In our study, amikacin and gentamicin were the second most effective agents against isolated S. aureus strains with the susceptibility rates of 49.4% and 43.8%, respectively. Also, with the susceptibility rate of 71.88%, amikacin showed good efficacy against isolates from ICU patients. Similarly, in a study in Pakistan (2006), gentamicin with the susepility rate of 42% was the second most effective antibiotic (after vancomycin) against isolated S. aureus strains [10]. However, the role of aminoglycosides as monotherapy in the treatment of infections due to Gram-positive organisms has not been well defined. Currently, these antibiotics are used as combination therapy with other effective antibiotics for synergistic effects and for prevention of resistance in the treatment of gram-positive related infections.

 

     Finally, as stated earlier, our study showed vancomycin as the most effective agent against isolated S. aureus strains with the susceptibility rate of 100%. Infections caused by S. aureus with reduced vancomycin susceptibility (MIC≥4 mcg/ml) including vancomycin-intermediate S. aureus (VISA; MIC≥8 mcg/ml) and vancomycin-resistant S. aureus (VRSA; MIC≥32 mcg/ml) are a new clinical and public health dilemma [20]. The first case of VISA was reported in Japan in 1996 [21]; but the first case of S. aureus truly resistant to vancomycin (VRSA) was reported from the USA in 2002 [22, 23]. Until 2006, seven cases of VRSA infection were reported from the USA [24].

 

     In Iran vancomycin resistance rates of 11%, 21%, and 42.5% have been reported in different studies that have evaluated pediatric population [5, 8, 25]. However, VRSA had not ever been reported from Iranian adult patients until recently that Emaneini et al. reported the first isolate of MRSA for which the MIC of vancomycin was 512 mcg/ml [26]; this VRSA was isolated from a post-heart surgery wound specimen of a patient at a teaching hospital in Tehran. This is an alarming report that warns about the emergence of VRSA in Iran.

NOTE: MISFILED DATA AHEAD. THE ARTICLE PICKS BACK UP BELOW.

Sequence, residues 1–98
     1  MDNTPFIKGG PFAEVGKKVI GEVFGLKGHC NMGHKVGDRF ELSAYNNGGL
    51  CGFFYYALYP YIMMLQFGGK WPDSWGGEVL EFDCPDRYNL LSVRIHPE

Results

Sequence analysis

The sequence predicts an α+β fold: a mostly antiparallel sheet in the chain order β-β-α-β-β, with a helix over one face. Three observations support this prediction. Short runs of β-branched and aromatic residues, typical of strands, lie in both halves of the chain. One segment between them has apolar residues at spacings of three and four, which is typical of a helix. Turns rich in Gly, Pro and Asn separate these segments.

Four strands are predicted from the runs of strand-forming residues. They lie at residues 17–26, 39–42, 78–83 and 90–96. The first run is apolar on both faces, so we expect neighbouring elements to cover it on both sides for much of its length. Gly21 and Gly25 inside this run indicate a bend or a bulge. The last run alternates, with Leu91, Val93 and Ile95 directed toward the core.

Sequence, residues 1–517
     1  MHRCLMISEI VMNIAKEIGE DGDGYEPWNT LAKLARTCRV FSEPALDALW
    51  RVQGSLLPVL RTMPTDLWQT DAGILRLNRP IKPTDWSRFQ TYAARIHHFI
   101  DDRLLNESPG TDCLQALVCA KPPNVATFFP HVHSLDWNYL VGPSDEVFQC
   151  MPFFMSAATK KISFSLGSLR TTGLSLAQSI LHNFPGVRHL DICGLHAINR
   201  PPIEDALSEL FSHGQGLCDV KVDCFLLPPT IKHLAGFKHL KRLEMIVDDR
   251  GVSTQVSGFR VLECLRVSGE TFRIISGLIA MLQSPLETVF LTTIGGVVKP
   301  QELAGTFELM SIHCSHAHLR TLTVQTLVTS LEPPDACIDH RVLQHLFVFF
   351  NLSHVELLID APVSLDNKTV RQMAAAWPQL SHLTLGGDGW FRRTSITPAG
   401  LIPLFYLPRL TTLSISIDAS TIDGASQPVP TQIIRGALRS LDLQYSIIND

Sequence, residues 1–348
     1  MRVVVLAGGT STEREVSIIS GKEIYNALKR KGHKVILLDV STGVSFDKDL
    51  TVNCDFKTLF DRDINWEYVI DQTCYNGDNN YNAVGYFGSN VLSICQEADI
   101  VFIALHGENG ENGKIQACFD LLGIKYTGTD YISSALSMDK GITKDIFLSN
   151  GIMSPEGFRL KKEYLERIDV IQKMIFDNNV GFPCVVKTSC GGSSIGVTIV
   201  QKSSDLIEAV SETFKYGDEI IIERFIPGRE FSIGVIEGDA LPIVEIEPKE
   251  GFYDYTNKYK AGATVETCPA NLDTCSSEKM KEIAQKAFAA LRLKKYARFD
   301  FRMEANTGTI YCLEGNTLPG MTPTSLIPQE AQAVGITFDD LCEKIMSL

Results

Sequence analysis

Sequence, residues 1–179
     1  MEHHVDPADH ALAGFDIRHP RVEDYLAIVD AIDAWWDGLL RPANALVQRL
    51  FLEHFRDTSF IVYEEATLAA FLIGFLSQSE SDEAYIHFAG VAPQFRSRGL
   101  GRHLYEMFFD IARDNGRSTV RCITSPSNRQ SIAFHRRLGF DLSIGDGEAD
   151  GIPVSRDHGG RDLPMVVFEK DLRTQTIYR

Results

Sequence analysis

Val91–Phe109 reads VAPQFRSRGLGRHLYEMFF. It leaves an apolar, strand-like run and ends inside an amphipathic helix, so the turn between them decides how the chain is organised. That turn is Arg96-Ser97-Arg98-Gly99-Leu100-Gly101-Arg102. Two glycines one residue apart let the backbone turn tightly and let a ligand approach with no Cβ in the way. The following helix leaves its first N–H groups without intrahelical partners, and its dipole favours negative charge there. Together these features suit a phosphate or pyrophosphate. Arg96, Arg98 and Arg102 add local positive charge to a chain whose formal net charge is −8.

5. Conclusion

 

     According to this study, other than vancomycin, none of tested antibiotics are appropriate for empirical treatment of serious S. aureus infections in our area. Also, these data shows that antimicrobial resistance is increasing among S. aureus strains in our country. This increase along with the emergence of VRSA highlights the value of prudent prescribing of antibiotics (including vancomycin) and avoiding their irrational use. It is necessary to establish an antimicrobial susceptibility surveillance system and to improve current infection control programs in our hospitals to prevent the spread of resistant microorganisms including MRSA and VRSA.

 

Acknowledgment

 

We are grateful to the staff of the microbiology laboratory of Imam Khomeini Hospital for their participation in this work.